• Cold plasma will reduce the bacterial load of secondary infections.
    • Cold plasma thus could prevent super-infections.

Main product

plasma care®

The plasma care® is a CE approved medical device for the treatment of acute and chronic wounds by cold atmospheric plasma [10]. The plasma care® efficiently inactivates bacteria including multi-drug resistant organisms (MDRO/MRSA) and viruses [10,11].

Product extension:

plasma intensive care®:

  • The plasma intensive care ® can potentially reduce viral- and bacterial load in upper respiratory tract resulting in a reduction of secondary infections [9].
  • The plasma intensive care® can potentially prevent spreading of SARS-CoV-2 and bacteria into the lung and thus prevent super-infections.
  • The cold plasma is applied trough a thin silicon tube into the mouth. The use of plasma intensive care® is therefore safe fot the user and easy to carry out.
  • A major advantage of the gaseous cold plasma treatment, is the homogenous penetration of all areas in the upper respiratory tract (including the nose). In addition the cold plasma simply evaporates after the treatment.

Preliminary examinations in-vitro

Step 1:

Replica of the upper respiratory tract (URT):

  • The constructed model volume is 105ml and the shape has been approximated to the URT.
  • To determine the concentration of the reactive species within the URT, four different measuring points were implemented.
  • Representative for the reactive species, the ozone concentration is measured.

Step 2:

Two test series with Enterococcus mundtii bacteria on agar were carried out. Thus, the microbial reduction potential of the plasma intensive care® can be be evaluated.

The positions of the agar plates can be seen in the adjacent picture.

Step 3:

In both test series, a log-reduction of approximately 4.5 – 5 (99.999% inactivated bacteria) at P1 (throat) and approximately 4 – 4.5 (99.99% inactivated bacteria) at P2 (subglottis) was detected.

Most of the inactivation was carried out after only 3 minutes.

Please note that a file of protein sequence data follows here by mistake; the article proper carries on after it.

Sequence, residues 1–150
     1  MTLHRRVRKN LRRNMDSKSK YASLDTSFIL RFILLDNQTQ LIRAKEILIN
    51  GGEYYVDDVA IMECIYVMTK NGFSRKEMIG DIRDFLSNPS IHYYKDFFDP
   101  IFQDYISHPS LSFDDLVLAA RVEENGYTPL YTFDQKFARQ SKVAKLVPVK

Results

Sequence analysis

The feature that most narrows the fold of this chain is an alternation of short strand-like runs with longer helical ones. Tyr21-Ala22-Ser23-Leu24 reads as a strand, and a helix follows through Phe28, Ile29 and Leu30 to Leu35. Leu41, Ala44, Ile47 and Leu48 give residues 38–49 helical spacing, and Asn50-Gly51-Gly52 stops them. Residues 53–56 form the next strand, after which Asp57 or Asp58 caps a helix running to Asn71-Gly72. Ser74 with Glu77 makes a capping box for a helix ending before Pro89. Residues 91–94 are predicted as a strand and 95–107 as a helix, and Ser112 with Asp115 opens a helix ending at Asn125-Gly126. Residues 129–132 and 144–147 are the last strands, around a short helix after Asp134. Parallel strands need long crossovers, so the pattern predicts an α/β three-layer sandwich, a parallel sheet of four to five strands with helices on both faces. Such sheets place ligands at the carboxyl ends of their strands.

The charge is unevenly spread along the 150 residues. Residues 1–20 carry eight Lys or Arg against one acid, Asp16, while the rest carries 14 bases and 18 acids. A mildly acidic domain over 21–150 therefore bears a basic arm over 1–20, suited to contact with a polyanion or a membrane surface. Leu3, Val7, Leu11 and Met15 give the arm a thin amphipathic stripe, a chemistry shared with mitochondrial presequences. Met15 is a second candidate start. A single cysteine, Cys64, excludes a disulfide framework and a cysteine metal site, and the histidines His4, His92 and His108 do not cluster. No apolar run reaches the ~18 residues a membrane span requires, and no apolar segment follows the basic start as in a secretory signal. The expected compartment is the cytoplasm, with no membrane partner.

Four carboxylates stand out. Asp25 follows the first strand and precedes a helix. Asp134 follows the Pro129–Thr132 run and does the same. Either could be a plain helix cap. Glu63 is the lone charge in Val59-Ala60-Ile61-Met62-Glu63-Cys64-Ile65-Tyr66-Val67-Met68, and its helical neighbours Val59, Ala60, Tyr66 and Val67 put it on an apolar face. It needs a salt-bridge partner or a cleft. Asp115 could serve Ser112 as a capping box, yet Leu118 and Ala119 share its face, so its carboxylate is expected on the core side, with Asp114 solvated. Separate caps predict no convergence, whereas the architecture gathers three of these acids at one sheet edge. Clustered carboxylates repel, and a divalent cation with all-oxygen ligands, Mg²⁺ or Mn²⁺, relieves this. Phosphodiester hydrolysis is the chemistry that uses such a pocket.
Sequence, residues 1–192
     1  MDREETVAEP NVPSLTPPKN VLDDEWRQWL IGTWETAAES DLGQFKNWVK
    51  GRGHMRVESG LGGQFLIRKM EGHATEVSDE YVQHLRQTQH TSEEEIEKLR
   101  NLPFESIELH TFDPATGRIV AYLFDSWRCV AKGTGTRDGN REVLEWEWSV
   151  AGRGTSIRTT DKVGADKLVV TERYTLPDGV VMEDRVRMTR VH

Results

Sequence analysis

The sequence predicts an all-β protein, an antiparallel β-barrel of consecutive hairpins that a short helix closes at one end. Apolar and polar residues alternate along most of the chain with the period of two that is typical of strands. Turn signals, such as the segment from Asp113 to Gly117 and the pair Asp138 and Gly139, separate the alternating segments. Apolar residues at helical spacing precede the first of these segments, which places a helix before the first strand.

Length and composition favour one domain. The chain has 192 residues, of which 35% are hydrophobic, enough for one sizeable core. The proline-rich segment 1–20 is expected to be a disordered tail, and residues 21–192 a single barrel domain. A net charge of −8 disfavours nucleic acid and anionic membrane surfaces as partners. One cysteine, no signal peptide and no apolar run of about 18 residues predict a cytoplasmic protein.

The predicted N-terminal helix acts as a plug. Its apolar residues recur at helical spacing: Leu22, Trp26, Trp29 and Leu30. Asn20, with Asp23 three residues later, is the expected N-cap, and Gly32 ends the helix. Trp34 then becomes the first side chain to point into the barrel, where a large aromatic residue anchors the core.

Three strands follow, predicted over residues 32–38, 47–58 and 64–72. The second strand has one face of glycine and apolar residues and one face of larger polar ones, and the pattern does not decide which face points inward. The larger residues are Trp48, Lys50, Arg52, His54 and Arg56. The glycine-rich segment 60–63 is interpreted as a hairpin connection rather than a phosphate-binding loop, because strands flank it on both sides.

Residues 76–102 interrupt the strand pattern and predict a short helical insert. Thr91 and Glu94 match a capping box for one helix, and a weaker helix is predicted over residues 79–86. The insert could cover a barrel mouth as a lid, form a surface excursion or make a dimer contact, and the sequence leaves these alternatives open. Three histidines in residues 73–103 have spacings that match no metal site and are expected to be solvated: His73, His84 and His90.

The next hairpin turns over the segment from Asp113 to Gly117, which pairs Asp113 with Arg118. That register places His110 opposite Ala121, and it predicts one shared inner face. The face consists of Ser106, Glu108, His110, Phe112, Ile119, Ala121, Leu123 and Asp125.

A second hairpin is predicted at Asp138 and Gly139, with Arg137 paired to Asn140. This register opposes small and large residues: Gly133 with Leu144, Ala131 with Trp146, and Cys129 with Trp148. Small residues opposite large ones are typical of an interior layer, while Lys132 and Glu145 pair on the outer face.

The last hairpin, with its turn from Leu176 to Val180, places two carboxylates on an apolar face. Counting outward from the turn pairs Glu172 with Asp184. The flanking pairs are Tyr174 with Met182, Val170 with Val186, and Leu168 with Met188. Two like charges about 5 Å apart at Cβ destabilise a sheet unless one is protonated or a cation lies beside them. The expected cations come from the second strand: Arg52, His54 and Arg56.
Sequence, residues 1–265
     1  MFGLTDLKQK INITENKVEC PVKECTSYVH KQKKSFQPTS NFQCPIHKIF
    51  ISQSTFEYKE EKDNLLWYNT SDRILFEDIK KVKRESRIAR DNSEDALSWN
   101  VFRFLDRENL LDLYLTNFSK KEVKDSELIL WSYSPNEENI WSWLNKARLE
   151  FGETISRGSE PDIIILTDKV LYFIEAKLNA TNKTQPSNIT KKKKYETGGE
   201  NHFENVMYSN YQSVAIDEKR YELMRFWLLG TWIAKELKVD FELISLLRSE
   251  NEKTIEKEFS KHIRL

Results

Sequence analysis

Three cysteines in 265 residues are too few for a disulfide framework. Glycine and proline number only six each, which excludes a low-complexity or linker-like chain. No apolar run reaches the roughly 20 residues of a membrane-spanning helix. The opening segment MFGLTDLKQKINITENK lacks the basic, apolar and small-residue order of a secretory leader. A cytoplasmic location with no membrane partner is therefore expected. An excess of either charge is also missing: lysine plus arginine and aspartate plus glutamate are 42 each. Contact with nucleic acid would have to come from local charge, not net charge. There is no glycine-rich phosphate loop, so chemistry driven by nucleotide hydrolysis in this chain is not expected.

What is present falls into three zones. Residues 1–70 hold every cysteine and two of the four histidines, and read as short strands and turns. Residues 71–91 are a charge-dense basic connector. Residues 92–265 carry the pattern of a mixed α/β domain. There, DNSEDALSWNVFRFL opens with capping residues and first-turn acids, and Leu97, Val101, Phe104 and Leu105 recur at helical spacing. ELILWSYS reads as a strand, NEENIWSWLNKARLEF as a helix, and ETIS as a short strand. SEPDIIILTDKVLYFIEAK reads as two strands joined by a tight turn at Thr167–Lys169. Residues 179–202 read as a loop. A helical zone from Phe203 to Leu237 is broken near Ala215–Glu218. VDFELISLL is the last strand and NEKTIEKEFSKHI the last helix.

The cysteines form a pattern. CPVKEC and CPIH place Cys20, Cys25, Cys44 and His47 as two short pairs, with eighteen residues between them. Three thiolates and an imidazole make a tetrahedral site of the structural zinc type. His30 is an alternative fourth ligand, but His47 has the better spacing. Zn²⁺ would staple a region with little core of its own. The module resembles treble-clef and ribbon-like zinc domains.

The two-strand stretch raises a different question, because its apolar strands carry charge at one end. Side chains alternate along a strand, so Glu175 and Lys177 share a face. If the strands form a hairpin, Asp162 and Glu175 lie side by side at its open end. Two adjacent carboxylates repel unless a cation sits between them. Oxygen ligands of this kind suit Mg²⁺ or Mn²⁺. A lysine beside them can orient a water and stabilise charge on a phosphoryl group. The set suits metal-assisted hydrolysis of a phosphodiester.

1) Drosten, Warum Covid-19 ansteckender ist als Sars, Tagesspiegel February 2020 2) BVmed, Beatmungs-assoziierte Infektionen, http://www.krankenhausinfektionen.info/Abgerufen März 2020 3) F. Zhou, et. al. Clinical course and risk factors for mortality of adult inpatients with COVID-19 in Wuhan, China: a retrospective cohort study, The Lancet, March 2020 4) J.L. Gerberding, Antibiotic resistance: the hidden threat lurking behind Covid-19, STAT March 2020 5) M. Weiss, G. Daeschlein, A. Kramer, et. al. Virucide Properties of Cold Atmospheric Plasma for Future Clinical Applications, Journal of Medical Virology 89:952–959 (2017) 6) J.L. Zimmermann, G.E. Morfill, et. al. Effects of cold atmospheric plasmas on adenoviruses in solution, J. Phys. D: Appl. Phys. 44 (2011) 505201 (9pp) 7) G. Isbary, J.L. Zimmermann, G.E. Morfill, et. al. Randomized placebo-controlled clinical trial showed cold atmospheric argon plasma relieved acute pain and accelerated healing in herpes zoster, Clinical Plasma Medicine(2014) 8) B. Ahlfeld, J.L. Zimmermann, G.E. Morfill, et. al. Inactivation of a Foodborne Norovirus Outbreak Strain with Nonthermal Atmospheric Pressure Plasma, mBio 6(1):e02300-14 9) S. Becker, J.L. Zimmermann, G.E. Morfill, et. al.  Effects of cold atmosphericplasma(CAP) on bacteriaand mucosaof the upper aerodigestive tract, Auris Nasus Larynx, Volume 46, Issue 2, April 2019, Pages 294-301 10) C. Roskopf et. al. Plasma Technology: A New Tool in Wound Care, Hospital Report, January 2020 11) J.L. Zimmermann et. al. Antibacterial efficacy of cold atmospheric plasma against Enterococcus faecalis planktonic cultures and biofilms in vitro. PLoS ONE 14(11) 12) V. Boxhammer, J.L. Zimmermann, G.E. Morfill, et. al. Bactericidal action of cold atmospheric plasma in solution, New Journal of Physics, Volume 14, November 2012 13) S. Arndt, J.L. Zimmermann, G.E. Morfill, et. al. Cold Atmospheric Plasma (CAP) Changes Gene Expression of Key Molecules of the Wound Healing Machinery and Improves Wound Healing In Vitro and In Vivo, PLoS ONE 8(11)